The Incredible Projectile Tongue of the Chameleon

Chameleon Using its long tongue to Capture PreyPhoto: Riley

When you are a cold blooded animal you are bound to slow down when the weather cools. This causes a great loss in potential for capturing prey or escaping from predators. But fascinatingly, for the Chameleon this isn’t the case. The divinely green chameleon is capable of uncurling its long tongue, of twice its body length, in less than 0.07 seconds! Now that represents a well respected weapon! So, despite the type of weather, the chameleons are going to snare their prey either way!

Chameleons long tonguePhoto: Frupus

The ability to shoot out its tongue at such a fast speed is an evolutionary adaptation suiting it to its arboreal environment. And what a marvelous shooting technique it is! Firing out its tongue at even a greater length than its own body provides the perfect sticky trap to pull in insects!

How is this Achieved?

A sticky substance settles on the end of the chameleons tongue so when propelled out at speed an insect is unable to escape, becoming trapped in the sticky saliva of the flexible tongue, which is withdrawn back into the mouth of the brightly faced reptile. This ingenious device is based on the action of two groups of remarkable muscles.

Yeoman ChameleonPhoto: PheonixLee

The tongue stays neatly coiled up inside of the mouth, until it is needed. When the times comes, its powerful circular muscles contract in co-ordination with its longitudinal muscles relaxing, allowing the tongue to shoot forward at a magnificent speed. The result of this muscular interplay results in the entire tongue becoming uncurled and stretched at lightening speed. Once the tip of the tongue has hit its target and immobilized its prey, the longitudinal muscles come back into action, drawing the tongue back into its jaws as the circular ones simultaneously relax.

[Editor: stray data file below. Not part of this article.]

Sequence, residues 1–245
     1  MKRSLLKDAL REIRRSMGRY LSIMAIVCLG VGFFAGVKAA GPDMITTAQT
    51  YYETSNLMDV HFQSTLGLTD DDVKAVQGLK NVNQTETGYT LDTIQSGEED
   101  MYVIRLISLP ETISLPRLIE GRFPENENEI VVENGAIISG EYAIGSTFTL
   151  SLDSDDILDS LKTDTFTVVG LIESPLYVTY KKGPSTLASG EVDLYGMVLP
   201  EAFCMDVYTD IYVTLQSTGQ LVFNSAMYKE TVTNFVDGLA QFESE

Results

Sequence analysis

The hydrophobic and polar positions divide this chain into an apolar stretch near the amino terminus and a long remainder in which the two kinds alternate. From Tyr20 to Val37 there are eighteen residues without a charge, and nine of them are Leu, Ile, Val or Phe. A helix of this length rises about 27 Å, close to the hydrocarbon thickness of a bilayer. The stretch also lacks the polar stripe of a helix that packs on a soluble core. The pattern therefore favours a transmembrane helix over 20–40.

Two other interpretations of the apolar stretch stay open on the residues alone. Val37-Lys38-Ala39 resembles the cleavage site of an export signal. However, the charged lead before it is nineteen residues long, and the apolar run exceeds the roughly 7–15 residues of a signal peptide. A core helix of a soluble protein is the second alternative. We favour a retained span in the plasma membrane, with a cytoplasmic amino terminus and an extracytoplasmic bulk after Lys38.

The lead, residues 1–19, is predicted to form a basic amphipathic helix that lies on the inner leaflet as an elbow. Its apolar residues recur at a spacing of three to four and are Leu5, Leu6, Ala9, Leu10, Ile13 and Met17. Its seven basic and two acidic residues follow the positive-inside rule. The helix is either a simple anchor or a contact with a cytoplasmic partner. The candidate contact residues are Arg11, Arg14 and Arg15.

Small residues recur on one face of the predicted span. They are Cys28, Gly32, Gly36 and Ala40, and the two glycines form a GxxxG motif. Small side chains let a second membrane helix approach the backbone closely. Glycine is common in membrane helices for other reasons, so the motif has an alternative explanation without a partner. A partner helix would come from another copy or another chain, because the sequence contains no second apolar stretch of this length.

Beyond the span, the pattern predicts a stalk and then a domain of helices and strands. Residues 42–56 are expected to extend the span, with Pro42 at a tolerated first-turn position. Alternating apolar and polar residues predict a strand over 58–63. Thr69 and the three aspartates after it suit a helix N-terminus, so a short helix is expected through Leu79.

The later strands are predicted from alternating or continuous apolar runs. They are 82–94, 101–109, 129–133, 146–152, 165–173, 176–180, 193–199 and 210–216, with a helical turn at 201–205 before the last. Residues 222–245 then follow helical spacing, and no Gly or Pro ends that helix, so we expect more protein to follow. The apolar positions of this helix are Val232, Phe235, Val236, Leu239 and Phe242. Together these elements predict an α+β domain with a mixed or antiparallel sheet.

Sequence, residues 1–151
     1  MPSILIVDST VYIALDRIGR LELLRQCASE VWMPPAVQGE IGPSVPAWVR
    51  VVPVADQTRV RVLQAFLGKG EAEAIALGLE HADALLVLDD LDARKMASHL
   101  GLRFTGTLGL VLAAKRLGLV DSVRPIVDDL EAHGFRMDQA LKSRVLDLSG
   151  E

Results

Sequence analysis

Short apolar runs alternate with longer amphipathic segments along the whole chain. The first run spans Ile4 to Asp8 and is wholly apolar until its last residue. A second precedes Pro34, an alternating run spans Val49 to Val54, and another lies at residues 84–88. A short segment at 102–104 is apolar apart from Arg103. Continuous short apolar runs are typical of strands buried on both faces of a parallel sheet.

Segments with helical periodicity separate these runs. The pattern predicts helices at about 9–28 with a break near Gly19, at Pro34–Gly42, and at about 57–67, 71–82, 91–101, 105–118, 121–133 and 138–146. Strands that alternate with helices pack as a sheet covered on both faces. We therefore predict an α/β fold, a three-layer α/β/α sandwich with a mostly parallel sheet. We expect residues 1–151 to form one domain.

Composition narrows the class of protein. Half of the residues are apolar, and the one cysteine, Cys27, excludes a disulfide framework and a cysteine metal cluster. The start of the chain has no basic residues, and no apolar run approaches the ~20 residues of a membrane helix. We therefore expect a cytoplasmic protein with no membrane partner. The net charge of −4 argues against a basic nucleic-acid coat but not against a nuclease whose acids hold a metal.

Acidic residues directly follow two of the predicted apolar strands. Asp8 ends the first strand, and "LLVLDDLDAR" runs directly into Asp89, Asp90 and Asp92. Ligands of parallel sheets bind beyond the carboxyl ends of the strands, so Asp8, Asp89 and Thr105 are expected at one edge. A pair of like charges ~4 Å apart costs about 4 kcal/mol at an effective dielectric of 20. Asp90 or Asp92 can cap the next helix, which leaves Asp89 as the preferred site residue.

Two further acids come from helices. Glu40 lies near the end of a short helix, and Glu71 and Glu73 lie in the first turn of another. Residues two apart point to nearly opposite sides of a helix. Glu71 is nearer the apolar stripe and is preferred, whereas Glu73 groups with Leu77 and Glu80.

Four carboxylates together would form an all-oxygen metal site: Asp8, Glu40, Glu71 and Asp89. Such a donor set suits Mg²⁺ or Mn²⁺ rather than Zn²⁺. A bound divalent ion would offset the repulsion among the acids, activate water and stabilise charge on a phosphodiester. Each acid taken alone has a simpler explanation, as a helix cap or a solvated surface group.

Chameleon HuntingPhoto: .Andi.

The Chameleon Champion – Fischer’s Chameleon
Fischer's ChameleonPhoto: guppiecat

When it comes to catching prey, the champion is the Fischer’s chameleon. With an impressive projection of its tongue, at one and a half times its own body length and tail combined, it’s no surprise that this species is thriving particularly well, as they rarely ever miss their prey. This extremely swift hunting process happens far too quickly for the human eye to detect and become startled by. The only way to see these momentous mechanisms is through a high-speed camera.

A very flexible feature responsible for life in various environments

There are over 100 different species of chameleon on the planet and with features like these we can see just how well adapted they have become. Some live in temperatures soaring to 39C, while others thrive in environments with temperatures below 0. Scientist Christopher Anderson suggests that as all these species eat in a very similar fashion having an effective mechanism to do so is one of the most important factors that allows chameleons to fit into a wide variety of habitats.

It just shows that having a ballistic tongue, resistant to fluctuating temperatures, and a perfectly crafted weapon for capturing prey, is another amazing evolutionary adaptation that is essential for one of the world’s most enthralling reptiles.

Useful resources that helped me composed this article:
1, 2, and Franz Geiser, Hans Dossenbach, Survival of the Animal Kingdom,1985, Orbis Publishing Limited, London